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Fishing looks very good for fly anglers

May 23, 2009
By JON MAGEE, For The Inter-Mountain

Memorial Day is here and with the long weekend, many people will be out camping and fishing this weekend. It is one of the busiest times of the year on our trout streams as anglers take advantage of the last couple of weeks of stocking to catch some trout. Most rivers and streams will be crowded this weekend but with a little legwork, you can get away from the crowd and find some unpressured water. The waters are all in excellent condition and fishing should be very good, especially for the fly angler.

The next month or so is probably the best time of the year to pursue trout with dry flies. Several species of mayflies and caddis flies have been emerging throughout the day providing excellent surface action as well as these same insects laying eggs in the evening providing the trout with even more opportunities for an easy meal on the surface. Add to the mix ants, beetles and other terrestrial insects and you have a whole smorgasbord of insects available for the fish.

The march brown is the largest mayfly you are likely to encounter on the stream right now; they are tan to brown in color with speckled wings, range in size from 10 -14- hook sizes and often start hatching around noon and continue through the afternoon. The gold ribbed hare's ear is a good representation of the nymph and a productive fly in the late morning and into the first stages of the hatch as the nymphs leave the safety of the bottom and prepare for emergence. I have always encountered the best hatches on cloudy overcast days and have the best luck on dries in these conditions. These mayflies like to hatch in riffles and runs where the rise forms are sometimes hard to see in the swift water but if you see the duns, (just hatched mayflies) drifting on the water or lifting off the water, the fish will likely be feeding on them. A good tactic is to fish two flies in this situation, a heavily hackled march brown dry for floatation and a nymph or emerger dropped two feet off the dry will catch fish in pocket water and runs.

Sulfurs are another mayfly that typically hatches this time of year, there are two different species the sulfur in size 14 -16 that hatches in the afternoon through evening and the little sulfur in a size 18 that emerges in the evening. As the name implies they are both yellow in color and have cream to grey wings.

The larger sulfurs like to emerge in swifter water and produce good fish activity on nymphs, emergers, and dries. Their smaller cousins prefer the quiet water of pools and trout can be found in the evening taking these diminutive flies from the surface as they drift slowly along waiting for their wings to dry. The pheasant tail nymph imitates the nymph very well and can be very productive during a hatch, especially on bright days when the trout are reluctant to feed on the surface.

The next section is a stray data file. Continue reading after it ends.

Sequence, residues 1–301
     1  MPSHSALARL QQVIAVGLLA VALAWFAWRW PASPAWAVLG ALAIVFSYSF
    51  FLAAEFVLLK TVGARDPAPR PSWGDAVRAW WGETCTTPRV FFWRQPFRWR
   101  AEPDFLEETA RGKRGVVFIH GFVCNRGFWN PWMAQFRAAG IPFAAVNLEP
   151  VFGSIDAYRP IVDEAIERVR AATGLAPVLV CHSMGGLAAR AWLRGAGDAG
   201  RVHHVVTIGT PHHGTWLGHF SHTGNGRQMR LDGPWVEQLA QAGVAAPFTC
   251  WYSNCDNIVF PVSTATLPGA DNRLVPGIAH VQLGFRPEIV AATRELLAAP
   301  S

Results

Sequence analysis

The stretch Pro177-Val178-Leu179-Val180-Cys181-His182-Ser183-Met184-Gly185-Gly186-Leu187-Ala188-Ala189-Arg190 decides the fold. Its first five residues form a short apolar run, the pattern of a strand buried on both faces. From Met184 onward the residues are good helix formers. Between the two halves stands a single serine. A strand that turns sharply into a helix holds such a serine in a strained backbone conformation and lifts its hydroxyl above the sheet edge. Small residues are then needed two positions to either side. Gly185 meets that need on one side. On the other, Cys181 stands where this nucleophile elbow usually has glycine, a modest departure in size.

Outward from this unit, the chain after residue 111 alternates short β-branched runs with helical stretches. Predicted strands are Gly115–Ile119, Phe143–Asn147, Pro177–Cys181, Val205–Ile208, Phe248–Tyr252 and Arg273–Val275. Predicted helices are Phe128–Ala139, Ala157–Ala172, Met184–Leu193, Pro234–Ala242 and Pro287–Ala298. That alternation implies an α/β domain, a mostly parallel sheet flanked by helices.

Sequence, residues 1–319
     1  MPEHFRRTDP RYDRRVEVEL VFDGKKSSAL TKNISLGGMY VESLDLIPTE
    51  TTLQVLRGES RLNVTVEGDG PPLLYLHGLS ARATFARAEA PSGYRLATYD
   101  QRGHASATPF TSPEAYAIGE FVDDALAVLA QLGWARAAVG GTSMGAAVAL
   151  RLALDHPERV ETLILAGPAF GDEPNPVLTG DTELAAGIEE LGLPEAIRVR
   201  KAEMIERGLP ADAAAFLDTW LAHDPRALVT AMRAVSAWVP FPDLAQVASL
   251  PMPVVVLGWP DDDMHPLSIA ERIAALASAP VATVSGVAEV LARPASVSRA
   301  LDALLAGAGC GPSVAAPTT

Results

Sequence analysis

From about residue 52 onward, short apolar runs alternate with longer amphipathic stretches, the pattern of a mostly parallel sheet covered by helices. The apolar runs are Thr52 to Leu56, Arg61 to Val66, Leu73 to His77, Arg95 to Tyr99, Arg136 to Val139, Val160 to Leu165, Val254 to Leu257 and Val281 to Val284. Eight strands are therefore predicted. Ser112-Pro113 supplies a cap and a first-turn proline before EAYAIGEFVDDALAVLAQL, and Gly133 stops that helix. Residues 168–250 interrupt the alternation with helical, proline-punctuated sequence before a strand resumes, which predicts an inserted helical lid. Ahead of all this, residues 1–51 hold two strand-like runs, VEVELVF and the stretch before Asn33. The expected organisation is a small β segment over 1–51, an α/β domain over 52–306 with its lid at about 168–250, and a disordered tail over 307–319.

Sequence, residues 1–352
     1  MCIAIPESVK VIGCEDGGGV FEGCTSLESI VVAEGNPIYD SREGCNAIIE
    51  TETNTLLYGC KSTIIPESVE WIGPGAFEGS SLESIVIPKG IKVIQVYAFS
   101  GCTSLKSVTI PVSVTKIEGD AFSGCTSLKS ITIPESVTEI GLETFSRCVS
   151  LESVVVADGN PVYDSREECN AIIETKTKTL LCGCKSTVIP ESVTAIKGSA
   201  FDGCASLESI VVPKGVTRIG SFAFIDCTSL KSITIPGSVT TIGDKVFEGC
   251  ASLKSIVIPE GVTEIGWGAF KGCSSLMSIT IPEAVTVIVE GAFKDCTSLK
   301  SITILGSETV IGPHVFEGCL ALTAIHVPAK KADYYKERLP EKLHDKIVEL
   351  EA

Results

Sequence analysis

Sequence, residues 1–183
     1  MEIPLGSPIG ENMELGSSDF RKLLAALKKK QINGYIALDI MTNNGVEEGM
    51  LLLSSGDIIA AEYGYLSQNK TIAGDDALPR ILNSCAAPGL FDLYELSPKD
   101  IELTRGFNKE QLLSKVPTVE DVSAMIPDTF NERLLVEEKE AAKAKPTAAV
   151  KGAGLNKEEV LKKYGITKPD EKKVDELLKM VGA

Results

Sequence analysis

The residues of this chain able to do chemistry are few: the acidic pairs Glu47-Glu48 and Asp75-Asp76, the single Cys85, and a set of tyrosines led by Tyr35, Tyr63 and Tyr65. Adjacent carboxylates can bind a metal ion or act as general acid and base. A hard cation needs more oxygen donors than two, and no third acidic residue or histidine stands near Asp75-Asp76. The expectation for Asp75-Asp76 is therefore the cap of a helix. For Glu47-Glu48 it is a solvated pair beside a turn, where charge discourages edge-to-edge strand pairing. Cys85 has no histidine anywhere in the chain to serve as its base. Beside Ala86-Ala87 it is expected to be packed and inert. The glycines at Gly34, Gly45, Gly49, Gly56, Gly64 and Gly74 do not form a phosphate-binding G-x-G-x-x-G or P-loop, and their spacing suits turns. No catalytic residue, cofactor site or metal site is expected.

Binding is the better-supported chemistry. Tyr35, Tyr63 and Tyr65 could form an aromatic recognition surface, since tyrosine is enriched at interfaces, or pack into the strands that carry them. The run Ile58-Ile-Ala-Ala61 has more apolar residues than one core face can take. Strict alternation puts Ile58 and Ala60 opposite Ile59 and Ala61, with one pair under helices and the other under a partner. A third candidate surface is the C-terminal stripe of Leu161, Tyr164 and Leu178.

You need to pay close attention to the rise forms during a hatch with these bugs, often it will look like the trout are feeding on the surface but are actually taking emergers just beneath the surface, if you do not see the fish's snout poke through the water it is most likely feeding on emergers. On the heavily pressured Shavers Fork, I have had great luck in recent years with a partridge and yellow soft hackle fished just under the surface when I cannot buy a single strike on a dry fly.

The spinners or egg-laying adults of mayflies can also create heavy fish activity in the evenings when mayflies return to the water for their circular mating dance (thus the name spinner) and egg laying. Rises to spinners are normally slow and deliberate, it's as if the trout know they cannot fly away once they hit the water and the fish will barely break the surface as they sip in the spent mayflies. This behavior can begin in the late evening when the sun leaves the water and can extend until dark and you cannot see your fly any longer.

This can be maddening fishing with the trout holding in specific feeding lanes and good fly placement and precise drifts are crucial to success. The march brown spinner is a dark brown with clear wings that retain some of their speckling and the sulfurs are well imitated by a rusty brown spinner, but range in color from dirty yellow to brown with clear wings in my observations.

Conventional anglers are often frustrated at this time of year when the trout seem to ignore their offerings of bait and lures. However, trout can become very selective when they see an abundance of one type of insect or another and pay no attention to other food sources and mayflies seem to be the bug that creates the most selectivity in trout. Not only do they become selective to one species over another but the stage of emergence for that insect. Many other insects that play an important role in fly-fishing such as caddis flies and stoneflies but the mayflies are king.

There are few things more beautiful in the world of fishing than standing in the cool water as the sun descends behind the mountains casting to a pod of trout rising casually to mayflies as they gracefully drift along the currents with their sailboat silhouette in the waning light.

 
 

 

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